Although these lines are observed on many objects with very different energy sources, such as supernovae, planetary nebulae, black hole environments in galactic active nuclei or aurora borealis, they are what we call forbidden lines. The term is misleading if we call them “unlikely launch lines on the ground” (let’s see what we see, anthropocentrism always slips away in one way or another), Although we have to admit that this is one of the few times that astronomers use hooks to name something.
Interestingly, we’re going into a tiny world, a quantum world, to understand how light is produced, which is very useful for understanding the universe. For example, it enables us to measure how much a galaxy billions of light-years away from the earth gets from the oxygen we breathe. We now know that in order to emit this light, we basically need two things: a light source with high energy and a gas with extremely low density. Suppose we have these two components, let’s turn it into something much smaller than the ant man and see what happens at the elementary particle level.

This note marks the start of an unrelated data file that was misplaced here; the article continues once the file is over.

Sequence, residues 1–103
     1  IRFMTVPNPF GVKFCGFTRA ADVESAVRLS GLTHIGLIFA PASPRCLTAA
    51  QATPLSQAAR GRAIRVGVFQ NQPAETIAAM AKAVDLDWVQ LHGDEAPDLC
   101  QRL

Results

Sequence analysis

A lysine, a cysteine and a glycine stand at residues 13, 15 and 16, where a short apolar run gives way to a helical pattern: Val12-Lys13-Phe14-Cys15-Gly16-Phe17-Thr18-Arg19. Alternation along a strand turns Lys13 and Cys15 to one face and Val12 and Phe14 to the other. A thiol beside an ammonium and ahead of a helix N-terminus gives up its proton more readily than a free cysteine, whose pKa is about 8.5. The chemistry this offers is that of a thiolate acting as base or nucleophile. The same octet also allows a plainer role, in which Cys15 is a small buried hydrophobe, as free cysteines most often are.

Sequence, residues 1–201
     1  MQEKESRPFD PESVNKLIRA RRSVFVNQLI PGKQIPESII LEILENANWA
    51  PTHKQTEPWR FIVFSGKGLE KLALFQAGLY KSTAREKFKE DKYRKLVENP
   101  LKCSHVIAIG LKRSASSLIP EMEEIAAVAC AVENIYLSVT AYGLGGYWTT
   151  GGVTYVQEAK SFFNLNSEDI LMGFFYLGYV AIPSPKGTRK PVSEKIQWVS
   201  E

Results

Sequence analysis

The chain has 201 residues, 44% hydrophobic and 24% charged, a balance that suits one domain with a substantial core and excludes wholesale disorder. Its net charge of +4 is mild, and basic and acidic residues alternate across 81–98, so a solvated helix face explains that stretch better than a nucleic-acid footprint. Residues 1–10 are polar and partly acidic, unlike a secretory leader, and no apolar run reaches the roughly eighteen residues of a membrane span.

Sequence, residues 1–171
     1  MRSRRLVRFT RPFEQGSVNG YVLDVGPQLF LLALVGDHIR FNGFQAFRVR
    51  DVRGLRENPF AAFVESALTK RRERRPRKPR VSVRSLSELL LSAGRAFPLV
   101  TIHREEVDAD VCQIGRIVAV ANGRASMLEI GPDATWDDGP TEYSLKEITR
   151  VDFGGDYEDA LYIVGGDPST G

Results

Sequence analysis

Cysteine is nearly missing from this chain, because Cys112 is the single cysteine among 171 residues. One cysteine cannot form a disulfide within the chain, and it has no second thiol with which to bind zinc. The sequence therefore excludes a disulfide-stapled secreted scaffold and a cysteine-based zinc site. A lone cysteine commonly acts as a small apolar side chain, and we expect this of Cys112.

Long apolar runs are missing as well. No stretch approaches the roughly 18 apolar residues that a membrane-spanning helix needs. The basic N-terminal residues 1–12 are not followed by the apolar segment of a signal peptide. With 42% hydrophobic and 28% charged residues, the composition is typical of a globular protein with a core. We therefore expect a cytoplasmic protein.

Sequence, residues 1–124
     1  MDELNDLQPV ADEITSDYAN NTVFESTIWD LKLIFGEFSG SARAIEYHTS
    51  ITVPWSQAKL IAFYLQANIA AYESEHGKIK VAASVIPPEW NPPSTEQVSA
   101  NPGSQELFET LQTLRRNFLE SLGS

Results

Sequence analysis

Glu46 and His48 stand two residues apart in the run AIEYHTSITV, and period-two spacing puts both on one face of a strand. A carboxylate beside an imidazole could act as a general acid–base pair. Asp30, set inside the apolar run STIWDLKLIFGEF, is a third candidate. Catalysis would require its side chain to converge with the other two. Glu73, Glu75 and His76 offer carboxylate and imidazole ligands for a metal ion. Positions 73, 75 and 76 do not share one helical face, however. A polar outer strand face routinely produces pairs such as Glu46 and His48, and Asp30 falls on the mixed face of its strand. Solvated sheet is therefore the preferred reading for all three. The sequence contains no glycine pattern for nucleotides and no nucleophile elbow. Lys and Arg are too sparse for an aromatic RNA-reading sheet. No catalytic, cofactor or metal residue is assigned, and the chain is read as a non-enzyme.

All atoms have a dense nucleus with a positive charge, protons are there, and we have electrons in their clouds around this small structure. Electromagnetic force, one of the four basic interactions in nature, combines the two as long as no photon can provide so much energy to an electron to separate it from the atom. We already know why we need energy: extracting electrons from proton control. This process, called ionization, takes place in the ionosphere of the earth’s atmosphere.